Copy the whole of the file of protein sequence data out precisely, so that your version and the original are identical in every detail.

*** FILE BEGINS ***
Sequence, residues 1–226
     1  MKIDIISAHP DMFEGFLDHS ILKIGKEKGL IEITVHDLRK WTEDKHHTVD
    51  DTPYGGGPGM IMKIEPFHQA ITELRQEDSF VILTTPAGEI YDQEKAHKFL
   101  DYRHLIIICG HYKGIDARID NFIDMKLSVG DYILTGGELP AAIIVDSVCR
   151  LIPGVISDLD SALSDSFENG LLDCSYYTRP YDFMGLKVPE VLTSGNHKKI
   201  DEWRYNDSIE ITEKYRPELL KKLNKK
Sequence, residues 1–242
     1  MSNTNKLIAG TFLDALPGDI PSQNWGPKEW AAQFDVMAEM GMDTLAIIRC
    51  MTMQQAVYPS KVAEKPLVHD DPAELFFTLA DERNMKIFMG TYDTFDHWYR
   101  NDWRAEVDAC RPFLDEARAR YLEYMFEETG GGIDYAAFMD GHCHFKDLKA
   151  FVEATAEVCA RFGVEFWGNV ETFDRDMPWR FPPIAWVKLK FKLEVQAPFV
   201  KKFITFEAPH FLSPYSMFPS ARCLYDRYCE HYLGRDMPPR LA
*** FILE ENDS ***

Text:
Sequence, residues 1–226
     1  MKIDIISAHP DMFEGFLDHS ILKIGKEKGL IEITVHDLRK WTEDKHHTVD
    51  DTPYGGGPGM IMKIEPFHQA ITELRQEDSF VILTTPAGEI YDQEKAHKFL
   101  DYRHLIIICG HYKGIDARID NFIDMKLSVG DYILTGGELP AAIIVDSVCR
   151  LIPGVISDLD SALSDSFENG LLDCSYYTRP YDFMGLKVPE VLTSGNHKKI
   201  DEWRYNDSIE ITEKYRPELL KKLNKK
Sequence, residues 1–242
     1  MSNTNKLIAG TFLDALPGDI PSQNWGPKEW AAQFDVMAEM GMDTLAIIRC
    51  MTMQQAVYPS KVAEKPLVHD DPAELFFTLA DERNMKIFMG TYDTFDHWYR
   101  NDWRAEVDAC RPFLDEARAR YLEYMFEETG GGIDYAAFMD GHCHFKDLKA
   151  FVEATAEVCA RFGVEFWGNV ETFDRDMPWR FPPIAWVKLK FKLEVQAPFV
   201  KKFITFEAPH FLSPYSMFPS ARCLYDRYCE HYLGRDMPPR LA